Kirkus Reviews Issue: Nov. 1, 2018

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Doyle offers another lucid, inspiring chronicle of female empowerment and the rewards of self-awareness and renewal.

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UNTAMED

More life reflections from the bestselling author on themes of societal captivity and the catharsis of personal freedom.

In her third book, Doyle (Love Warrior, 2016, etc.) begins with a life-changing event. “Four years ago,” she writes, “married to the father of my three children, I fell in love with a woman.” That woman, Abby Wambach, would become her wife. Emblematically arranged into three sections—“Caged,” “Keys,” “Freedom”—the narrative offers, among other elements, vignettes about the soulful author’s girlhood, when she was bulimic and felt like a zoo animal, a “caged girl made for wide-open skies.” She followed the path that seemed right and appropriate based on her Catholic upbringing and adolescent conditioning. After a downward spiral into “drinking, drugging, and purging,” Doyle found sobriety and the authentic self she’d been suppressing. Still, there was trouble: Straining an already troubled marriage was her husband’s infidelity, which eventually led to life-altering choices and the discovery of a love she’d never experienced before. Throughout the book, Doyle remains open and candid, whether she’s admitting to rigging a high school homecoming court election or denouncing the doting perfectionism of “cream cheese parenting,” which is about “giving your children the best of everything.” The author’s fears and concerns are often mirrored by real-world issues: gender roles and bias, white privilege, racism, and religion-fueled homophobia and hypocrisy. Some stories merely skim the surface of larger issues, but Doyle revisits them in later sections and digs deeper, using friends and familial references to personify their impact on her life, both past and present. Shorter pieces, some only a page in length, manage to effectively translate an emotional gut punch, as when Doyle’s therapist called her blooming extramarital lesbian love a “dangerous distraction.” Ultimately, the narrative is an in-depth look at a courageous woman eager to share the wealth of her experiences by embracing vulnerability and reclaiming her inner strength and resiliency.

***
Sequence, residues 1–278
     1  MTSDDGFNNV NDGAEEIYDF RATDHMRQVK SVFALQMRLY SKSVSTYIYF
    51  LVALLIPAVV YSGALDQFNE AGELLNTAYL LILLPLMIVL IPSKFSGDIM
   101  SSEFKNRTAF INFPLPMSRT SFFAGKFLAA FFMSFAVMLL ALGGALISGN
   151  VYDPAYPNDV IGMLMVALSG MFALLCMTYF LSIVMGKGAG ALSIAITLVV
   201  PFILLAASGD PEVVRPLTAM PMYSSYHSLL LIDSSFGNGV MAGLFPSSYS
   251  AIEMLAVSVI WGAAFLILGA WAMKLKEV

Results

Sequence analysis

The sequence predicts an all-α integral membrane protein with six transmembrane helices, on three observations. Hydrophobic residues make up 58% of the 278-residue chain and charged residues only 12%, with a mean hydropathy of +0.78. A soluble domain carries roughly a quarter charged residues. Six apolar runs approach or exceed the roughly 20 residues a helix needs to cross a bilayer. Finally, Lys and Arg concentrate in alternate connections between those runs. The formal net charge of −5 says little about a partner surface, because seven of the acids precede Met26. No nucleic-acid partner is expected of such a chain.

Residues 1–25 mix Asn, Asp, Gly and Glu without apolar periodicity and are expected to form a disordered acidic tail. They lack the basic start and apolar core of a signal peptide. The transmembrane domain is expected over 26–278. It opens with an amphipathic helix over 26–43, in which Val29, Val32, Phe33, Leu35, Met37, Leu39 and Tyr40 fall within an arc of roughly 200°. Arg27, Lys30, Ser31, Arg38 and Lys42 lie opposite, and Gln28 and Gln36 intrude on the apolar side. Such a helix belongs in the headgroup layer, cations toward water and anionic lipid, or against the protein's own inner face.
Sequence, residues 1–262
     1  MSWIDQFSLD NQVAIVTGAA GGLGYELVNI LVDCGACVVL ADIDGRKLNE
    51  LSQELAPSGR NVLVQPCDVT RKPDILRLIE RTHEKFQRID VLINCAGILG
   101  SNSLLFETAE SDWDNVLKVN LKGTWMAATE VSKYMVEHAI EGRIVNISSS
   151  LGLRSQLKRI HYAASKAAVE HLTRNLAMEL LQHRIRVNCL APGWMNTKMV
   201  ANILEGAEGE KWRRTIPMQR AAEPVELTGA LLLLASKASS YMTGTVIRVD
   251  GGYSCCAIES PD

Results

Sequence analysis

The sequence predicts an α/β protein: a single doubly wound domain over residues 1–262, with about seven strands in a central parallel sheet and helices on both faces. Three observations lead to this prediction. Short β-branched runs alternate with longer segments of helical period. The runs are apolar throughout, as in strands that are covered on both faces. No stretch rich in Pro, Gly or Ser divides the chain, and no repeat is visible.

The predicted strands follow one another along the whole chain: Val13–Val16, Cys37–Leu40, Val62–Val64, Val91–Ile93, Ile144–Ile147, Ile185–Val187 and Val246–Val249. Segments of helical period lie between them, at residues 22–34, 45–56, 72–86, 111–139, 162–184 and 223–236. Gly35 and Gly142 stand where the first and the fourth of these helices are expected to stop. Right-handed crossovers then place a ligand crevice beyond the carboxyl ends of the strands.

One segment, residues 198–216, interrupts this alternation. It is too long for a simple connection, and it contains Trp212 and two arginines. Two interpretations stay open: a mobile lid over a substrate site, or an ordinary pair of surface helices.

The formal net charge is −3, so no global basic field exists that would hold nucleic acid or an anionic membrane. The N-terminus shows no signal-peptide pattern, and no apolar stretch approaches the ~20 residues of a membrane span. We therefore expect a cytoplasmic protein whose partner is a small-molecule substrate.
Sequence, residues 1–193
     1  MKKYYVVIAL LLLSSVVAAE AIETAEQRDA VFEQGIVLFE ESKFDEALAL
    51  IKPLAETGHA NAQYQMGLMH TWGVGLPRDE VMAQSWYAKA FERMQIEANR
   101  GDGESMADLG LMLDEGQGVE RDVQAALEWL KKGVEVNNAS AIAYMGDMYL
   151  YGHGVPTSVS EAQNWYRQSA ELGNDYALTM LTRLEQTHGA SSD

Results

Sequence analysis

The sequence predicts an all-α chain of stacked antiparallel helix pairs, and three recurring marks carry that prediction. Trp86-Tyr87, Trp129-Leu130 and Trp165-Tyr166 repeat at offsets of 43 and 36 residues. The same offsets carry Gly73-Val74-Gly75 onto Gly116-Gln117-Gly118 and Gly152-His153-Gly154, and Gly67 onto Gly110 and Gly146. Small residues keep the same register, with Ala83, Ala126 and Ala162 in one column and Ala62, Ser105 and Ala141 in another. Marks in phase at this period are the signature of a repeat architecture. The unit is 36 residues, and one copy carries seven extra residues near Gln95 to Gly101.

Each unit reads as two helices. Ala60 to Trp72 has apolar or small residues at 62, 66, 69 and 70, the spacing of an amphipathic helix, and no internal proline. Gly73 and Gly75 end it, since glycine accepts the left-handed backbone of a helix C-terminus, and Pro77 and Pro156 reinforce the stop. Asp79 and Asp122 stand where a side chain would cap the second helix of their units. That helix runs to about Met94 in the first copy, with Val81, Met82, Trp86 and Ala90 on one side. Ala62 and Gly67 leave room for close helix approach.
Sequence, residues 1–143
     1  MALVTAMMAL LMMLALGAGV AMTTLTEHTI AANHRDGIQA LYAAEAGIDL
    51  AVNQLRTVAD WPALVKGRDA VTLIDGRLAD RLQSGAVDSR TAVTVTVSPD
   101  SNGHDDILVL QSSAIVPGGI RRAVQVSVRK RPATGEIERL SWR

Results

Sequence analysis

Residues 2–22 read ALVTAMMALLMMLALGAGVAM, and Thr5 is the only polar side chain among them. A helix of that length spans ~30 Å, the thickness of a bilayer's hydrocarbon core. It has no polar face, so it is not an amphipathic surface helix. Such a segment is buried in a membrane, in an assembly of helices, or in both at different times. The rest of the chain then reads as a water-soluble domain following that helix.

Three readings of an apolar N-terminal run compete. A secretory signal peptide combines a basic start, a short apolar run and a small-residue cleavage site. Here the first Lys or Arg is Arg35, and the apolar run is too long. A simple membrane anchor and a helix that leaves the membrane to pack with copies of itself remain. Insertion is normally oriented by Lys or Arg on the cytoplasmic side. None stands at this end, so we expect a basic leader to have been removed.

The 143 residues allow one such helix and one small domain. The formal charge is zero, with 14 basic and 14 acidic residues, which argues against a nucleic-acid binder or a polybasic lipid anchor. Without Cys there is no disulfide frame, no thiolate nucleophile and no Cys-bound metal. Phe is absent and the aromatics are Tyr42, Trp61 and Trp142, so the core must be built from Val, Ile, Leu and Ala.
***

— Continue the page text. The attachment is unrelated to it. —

Doyle offers another lucid, inspiring chronicle of female empowerment and the rewards of self-awareness and renewal.

Pub Date: March 10, 2020